Public University Rejects Animal Rights Club, Citing ‘Emotional Risk’ to Students
From Animal Rights/Vegan Activist Strategies Articles Archive

December 2019

Denying an animal rights club is violating a students’ First Amendment rights.

Naomi Mathew
Naomi Mathew on the Truman State University campus. Image credit Rivera Eye Photography for FIRE.

When Naomi Mathew tried to start an animal rights club at Missouri’s Truman State University, she expected to speak with fellow students about an issue that matters deeply to her. But after a committee of students and administrators rejected her club due to concerns about the “emotional risk” of “hostile” confrontations and the “reputational risk” of associating with PETA (People for the Ethical Treatment of Animals), it’s Mathew’s First Amendment rights that are endangered.

Today, with the help of the Foundation for Individual Rights in Education (FIRE), she is fighting back.

“It seems like the university has something against us,” Mathew said. “Truman State needs to stop making excuses and recognize our group. We understand that many people don’t like the idea of animal rights, but we still deserve the same platform as the other groups on campus.”

Students forming the Animal Alliance had done everything necessary: Mathew submitted an application form, selected an adviser, and identified more than 10 interested students. But following a hearing and closed-door deliberations, administrators denied their application on November 21st, citing “the emotional risk” of potentially hostile student reactions, and the possibility that police responding to such situations could be emotionally upsetting to other students. Administrators also expressed concern about the “reputational risk” of associating with PETA.

Groups without official recognition can be denied a wide range of resources, including funding, room reservations, and the ability to publicize events on campus.

Animal Alliance is the third prospective student group promoting veganism or vegetarianism to be denied recognition in as many years. The university rejected a proposed Vegetarian Club in 2017, after a committee member objected to part of its mission statement as “very very very extreme” and said they would not go vegetarian themselves.

Yesterday, FIRE wrote to Truman State President Susan Thomas, asking her to recognize Animal Alliance and stop violating students’ First Amendment rights.

“Truman State can’t reject student groups just because it doesn’t like what they might say, or what others may say in response,” said Lindsie Rank, the author of FIRE’s letter. “The law is clear: Naomi Mathew and her fellow students are free to exercise their First Amendment freedoms without a university committee making subjective decisions behind closed doors about what students can and can’t handle.”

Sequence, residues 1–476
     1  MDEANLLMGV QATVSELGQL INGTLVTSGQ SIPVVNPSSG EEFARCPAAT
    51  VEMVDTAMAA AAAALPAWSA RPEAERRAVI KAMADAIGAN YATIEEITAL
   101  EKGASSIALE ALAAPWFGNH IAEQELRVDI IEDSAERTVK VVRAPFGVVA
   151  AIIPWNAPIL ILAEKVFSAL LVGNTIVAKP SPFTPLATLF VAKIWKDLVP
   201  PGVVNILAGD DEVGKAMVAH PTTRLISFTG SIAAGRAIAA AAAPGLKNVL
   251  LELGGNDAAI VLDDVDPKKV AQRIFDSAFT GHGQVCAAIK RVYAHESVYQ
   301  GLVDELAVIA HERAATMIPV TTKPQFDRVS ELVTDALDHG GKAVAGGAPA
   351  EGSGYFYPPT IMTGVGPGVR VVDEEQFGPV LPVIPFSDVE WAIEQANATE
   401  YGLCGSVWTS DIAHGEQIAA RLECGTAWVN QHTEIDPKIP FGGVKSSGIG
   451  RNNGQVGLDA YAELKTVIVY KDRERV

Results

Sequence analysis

Truman State is no stranger to denying club recognition to a wide array of prospective organizations. Since 2015, administrators have denied at least 43 prospective groups, including those advocating for first-generation college students, transgender students, and children with cancer. Other groups to face Truman’s axe include clubs promoting religious causes, the elimination of the global slave trade, and consent in sexual relationships.

“Any system that results in students being asked what ‘emotional risk’ might come from associating with like-minded individuals and then being told that risk is too great is cruel and raises serious questions about the institution’s fair-weather friendship with the First Amendment,” said Adam Steinbaugh, director of FIRE’s Individual Rights Defense Program. “Students’ rights can’t be subordinated to what administrators feel is in their best emotional interest.”

Universities may use objective criteria to grant or deny student groups’ bids for official recognition. But Truman State’s subjective process violates students’ First Amendment rights and results in a double standard, with some controversial groups approved and others ousted. FIRE will continue to monitor the situation and use all the resources at its disposal to ensure a just outcome.

Truman State’s namesake said: “Real Americanism means that we will protect freedom of speech — we will defend the right of people to say what they think, regardless of how much we may disagree with them.” 

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